The housing market is experiencing a transformation of generational proportions. If these five headlines tell us anything, it’s that housing will never “go back” to the old days. Are you prepared?
We’ve always said that housing can’t “go back” to the “good old days” because the “good old” people, markets and sentiment is forever behind us. Consumers, banks, government officials and even real estate brokers won’t forget the lessons of the Great Housing Bust for at least a generation. With the internet as memory bank, maybe much longer.
Yet it remains to be seen whether the lessons of the bust have been absorbed by the real estate industry. Especially, those brokers and agents who are still psychologically pining for things to change back.
All of which leads us to note five recent headlines we think indicate all bets are off for a return to yesteryear. Not necessarily in a bad way, but clearly no chance of returning to our Little Houses on the Prairie. So the sooner we understand the trend-lines, the better prepared we’ll be to succeed in the future.
From Bloomberg, June 2, 2011: U.S. Mortgage Proposal May Result in ‘Rental Entrapment’
- Summary: Middle class families could find it harder to buy homes under a federal plan to require larger down payments in order to qualify for lower-cost mortgages.
- Our Analysis: An unintended consequence of the 5% mortgage requirement for stakeholders under the flawed Dodd-Frank financial bill. Even if this proposal fails, banks themselves are likely to increase credit worthiness requirements for consumers for years, as a lesson from the irrational exuberance decade. This could shift “first time” buyers from their early 20s to late 20s and early 30s. Perhaps more.
- Suggested Strategy: Develop a rental division for your company.
CNN Money, June 7, 2011: Walk away from your mortgage? Time to get ‘ruthless’
- Summary: Strategic default is becoming more socially acceptable, especially as consumers feel less inhibition to “sticking it” to banks.
- Our Analysis: This is a generational issue, causing Baby Boomers more angst than Gen X or Yers. If more consumers hit a wall while economic growth stagnates, younger ones will look for a “reset” button not unlike their video games. Especially if they lose any tax benefits of mortgages.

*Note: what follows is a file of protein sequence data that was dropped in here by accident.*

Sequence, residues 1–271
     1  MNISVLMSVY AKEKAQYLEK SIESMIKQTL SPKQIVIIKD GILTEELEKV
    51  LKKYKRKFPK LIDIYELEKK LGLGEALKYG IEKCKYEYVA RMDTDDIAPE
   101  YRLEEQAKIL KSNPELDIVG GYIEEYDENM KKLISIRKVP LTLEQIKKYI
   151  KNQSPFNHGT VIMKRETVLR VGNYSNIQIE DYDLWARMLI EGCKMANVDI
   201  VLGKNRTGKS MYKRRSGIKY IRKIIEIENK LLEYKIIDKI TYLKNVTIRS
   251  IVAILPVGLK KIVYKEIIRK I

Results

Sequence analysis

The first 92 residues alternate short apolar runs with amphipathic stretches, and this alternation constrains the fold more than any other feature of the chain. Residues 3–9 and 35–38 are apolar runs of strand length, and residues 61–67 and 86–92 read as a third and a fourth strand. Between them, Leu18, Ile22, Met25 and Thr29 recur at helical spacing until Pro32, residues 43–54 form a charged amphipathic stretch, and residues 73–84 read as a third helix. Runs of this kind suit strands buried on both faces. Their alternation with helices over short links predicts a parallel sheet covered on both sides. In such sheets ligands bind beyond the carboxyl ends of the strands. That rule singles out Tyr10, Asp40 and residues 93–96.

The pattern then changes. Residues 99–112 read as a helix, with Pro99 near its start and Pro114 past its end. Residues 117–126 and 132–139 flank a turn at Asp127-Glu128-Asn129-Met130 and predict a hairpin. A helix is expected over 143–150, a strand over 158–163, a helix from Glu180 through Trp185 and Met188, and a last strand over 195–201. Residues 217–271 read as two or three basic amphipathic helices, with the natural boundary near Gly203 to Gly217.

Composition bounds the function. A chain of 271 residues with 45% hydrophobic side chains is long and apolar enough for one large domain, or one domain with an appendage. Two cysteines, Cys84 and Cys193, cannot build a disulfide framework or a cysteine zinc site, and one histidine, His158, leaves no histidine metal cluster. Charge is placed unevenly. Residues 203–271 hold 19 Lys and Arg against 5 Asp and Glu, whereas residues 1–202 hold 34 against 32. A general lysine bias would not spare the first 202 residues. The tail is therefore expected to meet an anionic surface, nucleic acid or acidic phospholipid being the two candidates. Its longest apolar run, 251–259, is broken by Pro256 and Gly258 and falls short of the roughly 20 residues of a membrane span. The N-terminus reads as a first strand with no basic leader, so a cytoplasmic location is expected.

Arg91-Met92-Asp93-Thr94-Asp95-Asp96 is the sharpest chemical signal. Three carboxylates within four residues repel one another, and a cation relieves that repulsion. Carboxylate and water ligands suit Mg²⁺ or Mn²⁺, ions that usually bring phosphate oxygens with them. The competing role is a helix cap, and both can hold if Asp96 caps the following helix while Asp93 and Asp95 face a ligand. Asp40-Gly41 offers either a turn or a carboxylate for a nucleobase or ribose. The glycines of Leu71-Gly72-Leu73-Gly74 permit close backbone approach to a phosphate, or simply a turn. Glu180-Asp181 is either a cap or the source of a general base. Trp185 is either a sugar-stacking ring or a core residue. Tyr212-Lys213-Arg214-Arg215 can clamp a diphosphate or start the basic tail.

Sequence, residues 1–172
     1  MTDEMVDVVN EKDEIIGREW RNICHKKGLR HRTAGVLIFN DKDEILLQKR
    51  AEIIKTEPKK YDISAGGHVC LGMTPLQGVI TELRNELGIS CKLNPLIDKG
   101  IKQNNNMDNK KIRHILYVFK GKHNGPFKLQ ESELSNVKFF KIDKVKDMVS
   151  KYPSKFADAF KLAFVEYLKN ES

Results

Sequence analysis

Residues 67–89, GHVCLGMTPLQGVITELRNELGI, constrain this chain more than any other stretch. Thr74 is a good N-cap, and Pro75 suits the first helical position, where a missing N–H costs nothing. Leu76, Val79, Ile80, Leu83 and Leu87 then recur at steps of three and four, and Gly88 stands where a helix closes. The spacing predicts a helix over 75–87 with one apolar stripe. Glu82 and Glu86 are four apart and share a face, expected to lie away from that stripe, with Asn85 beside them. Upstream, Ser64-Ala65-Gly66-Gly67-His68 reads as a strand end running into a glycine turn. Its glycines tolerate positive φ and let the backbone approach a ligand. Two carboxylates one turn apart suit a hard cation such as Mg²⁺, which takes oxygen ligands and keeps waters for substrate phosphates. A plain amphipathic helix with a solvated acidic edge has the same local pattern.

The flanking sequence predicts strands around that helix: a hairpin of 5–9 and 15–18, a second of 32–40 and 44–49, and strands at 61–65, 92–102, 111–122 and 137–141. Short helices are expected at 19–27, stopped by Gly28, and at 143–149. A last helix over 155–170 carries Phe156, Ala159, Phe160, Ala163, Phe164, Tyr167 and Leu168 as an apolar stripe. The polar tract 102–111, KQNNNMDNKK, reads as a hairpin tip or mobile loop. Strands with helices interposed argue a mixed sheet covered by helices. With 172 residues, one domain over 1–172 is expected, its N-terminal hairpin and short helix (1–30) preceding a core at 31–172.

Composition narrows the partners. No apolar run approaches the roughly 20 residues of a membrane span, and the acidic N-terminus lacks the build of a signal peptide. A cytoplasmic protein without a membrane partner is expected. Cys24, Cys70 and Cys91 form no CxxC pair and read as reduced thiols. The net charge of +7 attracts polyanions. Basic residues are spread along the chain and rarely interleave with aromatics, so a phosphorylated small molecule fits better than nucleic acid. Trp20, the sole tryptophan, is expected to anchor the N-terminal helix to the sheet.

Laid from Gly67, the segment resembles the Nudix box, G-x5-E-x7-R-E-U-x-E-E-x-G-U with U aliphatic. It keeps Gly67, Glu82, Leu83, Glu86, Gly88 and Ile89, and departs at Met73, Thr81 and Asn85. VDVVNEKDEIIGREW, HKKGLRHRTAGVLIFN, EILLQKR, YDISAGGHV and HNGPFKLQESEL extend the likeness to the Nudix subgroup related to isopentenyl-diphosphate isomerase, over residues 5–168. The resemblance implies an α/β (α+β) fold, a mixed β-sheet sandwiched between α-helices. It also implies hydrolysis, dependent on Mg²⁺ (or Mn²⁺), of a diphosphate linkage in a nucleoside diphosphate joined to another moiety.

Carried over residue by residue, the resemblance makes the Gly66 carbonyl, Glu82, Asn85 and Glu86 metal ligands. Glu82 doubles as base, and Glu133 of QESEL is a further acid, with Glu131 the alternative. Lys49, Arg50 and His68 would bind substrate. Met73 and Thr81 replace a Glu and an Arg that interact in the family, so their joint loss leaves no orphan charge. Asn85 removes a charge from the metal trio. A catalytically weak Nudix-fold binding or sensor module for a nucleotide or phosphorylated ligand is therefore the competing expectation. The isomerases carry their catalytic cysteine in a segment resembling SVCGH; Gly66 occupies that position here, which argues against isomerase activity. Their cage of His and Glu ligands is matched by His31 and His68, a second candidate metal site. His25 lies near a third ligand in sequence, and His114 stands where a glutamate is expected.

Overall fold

- Suggested Strategy: Develop non-bank funding options for younger sub-prime borrowers (maybe lease-to-own). Mid-life defaulters may need to consider borrowing against their 401k, whole life insurance or stocks to buy again.
New York Times, May 22, 2011: As Lenders Hold Homes in Foreclosure, Sales Are Hurt
- Summary: Even if released in a controlled fashion, bank-owned homes may cause a second wave of home price declines, foreclosures and defaults.
- Our Analysis: Regardless of pace, the mere presence of such shadow inventory will signal buyers to seek uber-bargains, driving down demand and prices for years. Sellers with equity must beat the “days on market” in order to realize a gain.
- Our Suggestion: A consistently rapid method of selling homes is needed. Auctioning could maximize price and create demand by manipulating time and competitiveness in consumers. Alternately, different brokerage compensation models – such as uncoupling fees from home price – will signal to sellers the true costs of improper pricing.
Wall Street Journal, June 1, 2011: When the Value of Housing Ruins the Home
- Summary: The housing crash and prolonged recession have changed people’s living habits and outlook on life. Americans are saving more, spending less.
- Our Analysis: This is a big shift in consumer sentiment. People’s view of housing has been irrevocably altered, even if most still desire to own their own home, as surveys say. A deep skepticism may settle into Gen X and Y about industry claims about housing as an “investment.”
- Our Suggestion: Develop a sales approach based upon consumption decisions, not investment options. Avoid jingoism and deal directly with new consumer wariness. Have answers for consumers who won’t wait a decade to get their money back.
Forbes, June 2, 2011: The Groupon IPO: By the Numbers.
- Summary: A company that makes electronic social-network driven coupons is filing for an IPO worth $25 billion dollars.
- Our Analysis: LinkedIn at $4 billion; Facebook possibly $100 billion. Idle bank and investor capital is heading for a new tech bubble. That means money not heading back into mortgage lending or home building (at least not in America).
- Our Suggestion: Follow the money, before the tech bubble rises, and make a case to investors about the long-term asset advantages of real estate. Look South, to Latin America, where consumers are used to making nearly all-cash deals, and have a strong appetite for housing in countries with strong property rights.